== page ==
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I am trying to derive the acceleration between 2 points. For example if I had (90.39, 44.99), (90.4, 44.97) and the time span was 0.1s. I get how to calculate the speed but how could I calculate the acceleration from this?

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  • $\begingroup$ Welcome to Physics SE! have you heard of the "suvat" equations - or the equations of motion for constant acceleration? $\endgroup$ – Alex Robinson Nov 19 at 16:58
  • $\begingroup$ You can’t. You require information about how the journey progressed in terms of its velocity. $\endgroup$ – Jake Rose Nov 19 at 17:00
  • $\begingroup$ @AlexRobinson I have but its been 8 years since I used them. Would you recommend I read something to understand this? $\endgroup$ – soccer_analytics_fan Nov 19 at 17:06
  • $\begingroup$ @JakeRose what do you mean by that? Could you provide me a link I could read that would help me understand how the journey progresses in terms of velocity. $\endgroup$ – soccer_analytics_fan Nov 19 at 17:07
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    $\begingroup$ Alex's answer is useful, but I'd take head to my comment. $\endgroup$ – Jake Rose Nov 19 at 17:53
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To clarify from the comments:

You can’t. You require information about how the journey progressed in terms of its velocity

Whilst this is a technicality, it is entirely correct - you would need to know the initial velocity or the final velocity in order to truly answer this question.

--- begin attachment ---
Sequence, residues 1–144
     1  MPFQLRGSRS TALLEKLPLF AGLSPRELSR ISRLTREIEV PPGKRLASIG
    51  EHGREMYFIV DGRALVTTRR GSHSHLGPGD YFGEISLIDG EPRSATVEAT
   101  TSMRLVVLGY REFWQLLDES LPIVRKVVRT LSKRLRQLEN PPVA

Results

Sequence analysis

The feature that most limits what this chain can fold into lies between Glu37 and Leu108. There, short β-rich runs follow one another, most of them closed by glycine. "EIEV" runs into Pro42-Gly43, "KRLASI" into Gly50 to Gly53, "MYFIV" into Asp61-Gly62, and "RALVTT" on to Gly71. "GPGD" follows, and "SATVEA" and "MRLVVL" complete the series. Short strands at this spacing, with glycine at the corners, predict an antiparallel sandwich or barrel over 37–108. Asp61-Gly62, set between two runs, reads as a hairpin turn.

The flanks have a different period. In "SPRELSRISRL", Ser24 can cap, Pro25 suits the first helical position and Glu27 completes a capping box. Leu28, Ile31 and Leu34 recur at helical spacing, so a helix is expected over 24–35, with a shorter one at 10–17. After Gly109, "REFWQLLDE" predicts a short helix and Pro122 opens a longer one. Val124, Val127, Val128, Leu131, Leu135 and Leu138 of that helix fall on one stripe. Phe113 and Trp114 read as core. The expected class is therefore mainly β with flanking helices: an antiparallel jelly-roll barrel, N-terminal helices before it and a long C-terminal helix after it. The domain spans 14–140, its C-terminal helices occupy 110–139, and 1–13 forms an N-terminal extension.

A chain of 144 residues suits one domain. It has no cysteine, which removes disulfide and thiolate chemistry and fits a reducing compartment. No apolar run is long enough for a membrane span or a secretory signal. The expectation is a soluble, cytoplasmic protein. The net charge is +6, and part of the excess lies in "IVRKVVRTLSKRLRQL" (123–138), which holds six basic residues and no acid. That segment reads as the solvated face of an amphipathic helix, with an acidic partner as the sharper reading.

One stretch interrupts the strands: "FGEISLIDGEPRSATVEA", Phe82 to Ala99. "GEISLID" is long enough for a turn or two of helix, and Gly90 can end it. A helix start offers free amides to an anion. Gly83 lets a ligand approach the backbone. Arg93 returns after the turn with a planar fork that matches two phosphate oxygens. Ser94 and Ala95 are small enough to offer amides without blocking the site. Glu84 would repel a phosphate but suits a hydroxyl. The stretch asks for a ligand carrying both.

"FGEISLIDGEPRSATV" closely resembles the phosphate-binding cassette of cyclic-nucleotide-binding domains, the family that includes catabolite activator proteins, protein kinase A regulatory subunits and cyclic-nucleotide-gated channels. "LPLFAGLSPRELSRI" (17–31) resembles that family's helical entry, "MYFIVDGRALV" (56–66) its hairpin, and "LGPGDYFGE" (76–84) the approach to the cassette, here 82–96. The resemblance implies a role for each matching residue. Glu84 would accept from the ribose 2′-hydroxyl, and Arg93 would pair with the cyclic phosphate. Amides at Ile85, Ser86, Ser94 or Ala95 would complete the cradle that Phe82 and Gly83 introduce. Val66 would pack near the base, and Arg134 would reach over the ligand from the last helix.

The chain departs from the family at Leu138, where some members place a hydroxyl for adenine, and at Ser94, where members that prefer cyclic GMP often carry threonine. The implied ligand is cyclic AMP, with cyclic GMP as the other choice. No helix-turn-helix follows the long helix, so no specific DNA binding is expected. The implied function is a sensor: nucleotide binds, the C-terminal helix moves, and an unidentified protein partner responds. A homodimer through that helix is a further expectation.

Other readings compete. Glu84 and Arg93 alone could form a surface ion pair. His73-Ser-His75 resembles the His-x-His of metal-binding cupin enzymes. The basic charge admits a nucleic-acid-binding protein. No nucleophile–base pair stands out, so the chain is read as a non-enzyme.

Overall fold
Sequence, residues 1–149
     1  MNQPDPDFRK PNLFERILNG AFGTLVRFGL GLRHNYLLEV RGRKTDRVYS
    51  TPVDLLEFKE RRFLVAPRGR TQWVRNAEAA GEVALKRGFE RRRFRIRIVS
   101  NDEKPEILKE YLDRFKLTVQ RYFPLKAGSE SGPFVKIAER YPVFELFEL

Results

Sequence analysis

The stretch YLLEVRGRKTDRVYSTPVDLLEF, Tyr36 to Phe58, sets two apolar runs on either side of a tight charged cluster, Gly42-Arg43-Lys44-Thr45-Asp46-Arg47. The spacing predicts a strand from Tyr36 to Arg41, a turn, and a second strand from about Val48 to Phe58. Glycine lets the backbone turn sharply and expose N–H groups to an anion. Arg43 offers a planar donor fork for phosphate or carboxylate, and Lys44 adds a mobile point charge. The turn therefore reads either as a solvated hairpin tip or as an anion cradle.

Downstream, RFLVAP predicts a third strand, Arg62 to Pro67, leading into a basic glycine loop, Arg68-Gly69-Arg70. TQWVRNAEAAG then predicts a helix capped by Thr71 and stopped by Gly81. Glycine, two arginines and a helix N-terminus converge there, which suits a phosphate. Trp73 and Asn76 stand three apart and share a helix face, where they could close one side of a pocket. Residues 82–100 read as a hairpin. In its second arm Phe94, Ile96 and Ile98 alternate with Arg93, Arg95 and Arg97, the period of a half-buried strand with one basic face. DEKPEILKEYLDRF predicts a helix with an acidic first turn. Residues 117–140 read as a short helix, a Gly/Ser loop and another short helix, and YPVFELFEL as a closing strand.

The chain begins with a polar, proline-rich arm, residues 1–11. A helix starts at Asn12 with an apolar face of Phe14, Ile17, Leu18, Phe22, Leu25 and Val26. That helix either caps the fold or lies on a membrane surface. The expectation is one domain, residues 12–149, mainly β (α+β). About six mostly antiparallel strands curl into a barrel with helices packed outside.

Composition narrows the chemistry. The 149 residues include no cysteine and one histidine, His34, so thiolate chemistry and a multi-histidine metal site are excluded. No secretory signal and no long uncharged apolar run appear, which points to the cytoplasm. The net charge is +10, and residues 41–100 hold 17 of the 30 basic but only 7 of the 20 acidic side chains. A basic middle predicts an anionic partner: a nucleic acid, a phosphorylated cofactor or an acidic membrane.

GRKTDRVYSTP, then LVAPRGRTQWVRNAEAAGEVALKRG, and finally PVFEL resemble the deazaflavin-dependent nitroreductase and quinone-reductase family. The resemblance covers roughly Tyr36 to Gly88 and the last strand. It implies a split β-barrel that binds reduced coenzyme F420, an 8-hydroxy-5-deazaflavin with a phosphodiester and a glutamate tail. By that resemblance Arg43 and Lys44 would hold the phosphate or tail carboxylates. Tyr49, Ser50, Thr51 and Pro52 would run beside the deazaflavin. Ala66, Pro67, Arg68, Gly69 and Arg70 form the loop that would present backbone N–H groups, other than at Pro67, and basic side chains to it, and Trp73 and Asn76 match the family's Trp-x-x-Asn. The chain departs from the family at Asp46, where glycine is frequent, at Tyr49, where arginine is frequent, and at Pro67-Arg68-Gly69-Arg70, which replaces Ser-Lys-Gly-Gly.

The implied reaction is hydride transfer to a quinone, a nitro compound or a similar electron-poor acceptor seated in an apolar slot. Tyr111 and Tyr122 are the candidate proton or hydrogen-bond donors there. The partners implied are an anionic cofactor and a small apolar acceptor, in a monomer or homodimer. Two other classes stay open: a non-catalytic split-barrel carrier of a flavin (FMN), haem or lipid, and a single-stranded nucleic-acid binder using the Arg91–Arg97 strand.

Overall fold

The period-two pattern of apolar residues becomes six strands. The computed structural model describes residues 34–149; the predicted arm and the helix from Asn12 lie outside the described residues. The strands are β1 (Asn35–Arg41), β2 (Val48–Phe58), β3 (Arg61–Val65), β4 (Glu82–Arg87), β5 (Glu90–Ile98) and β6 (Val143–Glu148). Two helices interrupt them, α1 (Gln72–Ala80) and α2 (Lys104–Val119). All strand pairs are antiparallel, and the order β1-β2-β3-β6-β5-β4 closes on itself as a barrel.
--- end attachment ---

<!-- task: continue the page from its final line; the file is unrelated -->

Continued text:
However, it seems implicit to take the initial velocity to be zero in this case - in which case we are solving for acceleration and so will use the equation: s = u*t + 1/2*a*t^2.

where: s = displacement, u = initial velocity, a = acceleration and t = time taken.

Displacement is calculated by finding the root of the sum of the squares of the differences between the x and y values for the coordinates you've posted. (a^2 +b^2 = c^2)

And from there, calculating the answer is trivial.

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    $\begingroup$ It's worth noting this makes the implicit assumption of constant acceleration. You could have some function $a(t)$ which is not constant and over the time period only averages to the result you give. $\endgroup$ – Jake Rose Nov 19 at 17:50
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No, you cannot without further assumptions and information.

You can't even calculate the speed. You can only calculate the average speed and by the first theorem of calculus that the body would have this speed at least at one time frame, but can have different speeds otherwise.

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